That’s what I set out to write–a story that hangs upon a true event in history. So, yeah, it’s historical. And it’s fiction. But it’s not historical fiction, not to me. It’s my way of exploring hoaxes and lies, belief and deception. And it’s my way of honoring my father-in-law, Henry Brendler, a great storyteller in his own right, who died in 2009 at age 90, when I was in the middle of working on this novel.

The panic broadcast wasn’t history or fiction to him–he had lived through it. Many of the details in the story come directly from his memories of Newark as a kid. I wish I could present him with a copy when it comes out. It’ll be 75 years after the fact. I think he would have enjoyed it–a slice of his true story, written as fiction.

As my character would say, “And how!” I can’t wait to hold the book in my hands. Thanks, Pop.


Filed under Introduction, The Call, Writing

Historical Fiction: On Sparks and Embers

Our week-long celebration of the release of J. Anderson Coats’ THE WICKED AND THE JUST has me thinking about historical fiction.

Textbooks and documentaries are necessary and wonderful in their own right, but there is something about novels and movies that I connect with on a very personal level. I see it like this: historical facts and knowledge impact my thoughts and my understanding of the world I live in now, but seeing and feeling along with a character who experiences those historical events goes one step farther. It’s like a spark that feeds the embers deep in my soul—those passions that formed me into the person I am today.

Let’s talk movies first. What movie based on historical events has shaken you to the core and changed the way you view the world? Here are some titles to get you thinking:

  • Braveheart
  • Milk
  • The Power of One
  • Schindler’s List
  • Hotel Rwanda
  • In the Time of the Butterflies

For me, the answer is hands-down Iron Jawed Angels. Of course I learned about the fight for American women’s suffrage in school. Of course I felt an enormous debt of gratitude to those brave women who risked everything so that generations later my voice could be heard. But there is something about watching the wardens at Occoquan prison shove feeding tubes down Alice Paul’s throat to forcibly end her hunger strike that whips those embers into a frenzied firestorm.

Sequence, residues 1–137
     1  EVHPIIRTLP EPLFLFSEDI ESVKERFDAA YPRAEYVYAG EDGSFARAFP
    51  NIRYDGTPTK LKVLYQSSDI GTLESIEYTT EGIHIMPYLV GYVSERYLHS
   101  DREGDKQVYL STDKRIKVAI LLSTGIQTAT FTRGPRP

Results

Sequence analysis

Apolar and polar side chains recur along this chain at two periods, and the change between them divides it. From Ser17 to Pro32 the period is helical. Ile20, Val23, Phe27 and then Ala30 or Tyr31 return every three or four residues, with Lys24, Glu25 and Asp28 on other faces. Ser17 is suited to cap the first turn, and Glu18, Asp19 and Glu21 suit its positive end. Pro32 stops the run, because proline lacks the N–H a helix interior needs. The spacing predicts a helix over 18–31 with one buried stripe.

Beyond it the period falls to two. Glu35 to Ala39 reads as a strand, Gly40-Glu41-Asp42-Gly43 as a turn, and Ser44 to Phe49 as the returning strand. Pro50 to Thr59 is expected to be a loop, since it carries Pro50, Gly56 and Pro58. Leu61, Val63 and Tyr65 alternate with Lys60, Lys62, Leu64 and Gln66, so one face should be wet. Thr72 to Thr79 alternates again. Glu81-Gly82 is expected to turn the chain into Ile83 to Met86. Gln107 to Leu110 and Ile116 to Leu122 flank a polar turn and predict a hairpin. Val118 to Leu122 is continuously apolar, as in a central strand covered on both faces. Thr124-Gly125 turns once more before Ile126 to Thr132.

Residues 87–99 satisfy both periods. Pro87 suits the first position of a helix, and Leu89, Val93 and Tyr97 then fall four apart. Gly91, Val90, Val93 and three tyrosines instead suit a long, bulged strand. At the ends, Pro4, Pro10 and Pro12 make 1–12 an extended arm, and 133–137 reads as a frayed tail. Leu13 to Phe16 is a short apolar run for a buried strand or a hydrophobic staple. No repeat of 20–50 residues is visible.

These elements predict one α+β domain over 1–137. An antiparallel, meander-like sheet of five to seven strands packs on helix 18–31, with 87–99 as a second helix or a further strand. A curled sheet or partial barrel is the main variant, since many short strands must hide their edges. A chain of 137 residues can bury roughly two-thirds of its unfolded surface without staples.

What about novels that give us a kids-eye view of history? Again, a few ideas:


As a kid, my answer would have been ISLAND OF THE BLUE DOLPHINS or FREEDOM TRAIN. As an adult, maybe ONE CRAZY SUMMER, or OUT OF THE DUST, or MOON OVER MANIFEST. I can’t decide—there are too many great historical novels for young readers for me to pick just one.

But please do chime in here—I want to know what your favorites are, past and present. And if this post has reminded you of a historical novel that you loved as a kid, or one that you’ve read recently and can’t get out of your mind, head on down to your local independent bookstore and pick up a copy (while you’re there, get THE WICKED AND THE JUST, too). When you’re done reading, donate them to a classroom in your town, or pass them on to  young reader in your community.

You might deepen his or her understanding of the world, and you may even help those little sparks begin to flicker and flare into the passions that will form the person he or she will become.


Filed under Celebrations